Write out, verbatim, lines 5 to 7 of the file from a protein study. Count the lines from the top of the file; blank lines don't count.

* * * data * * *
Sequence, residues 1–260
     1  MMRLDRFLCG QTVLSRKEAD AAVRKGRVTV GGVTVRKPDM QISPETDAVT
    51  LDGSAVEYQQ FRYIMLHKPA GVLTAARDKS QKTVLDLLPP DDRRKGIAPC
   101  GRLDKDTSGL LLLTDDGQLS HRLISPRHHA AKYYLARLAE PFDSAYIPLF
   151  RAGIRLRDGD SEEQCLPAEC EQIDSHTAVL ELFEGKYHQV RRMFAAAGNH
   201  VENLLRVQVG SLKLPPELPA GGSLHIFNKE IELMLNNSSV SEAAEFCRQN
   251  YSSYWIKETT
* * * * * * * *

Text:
   151  RAGIRLRDGD SEEQCLPAEC EQIDSHTAVL ELFEGKYHQV RRMFAAAGNH
   201  VENLLRVQVG SLKLPPELPA GGSLHIFNKE IELMLNNSSV SEAAEFCRQN
   251  YSSYWIKETT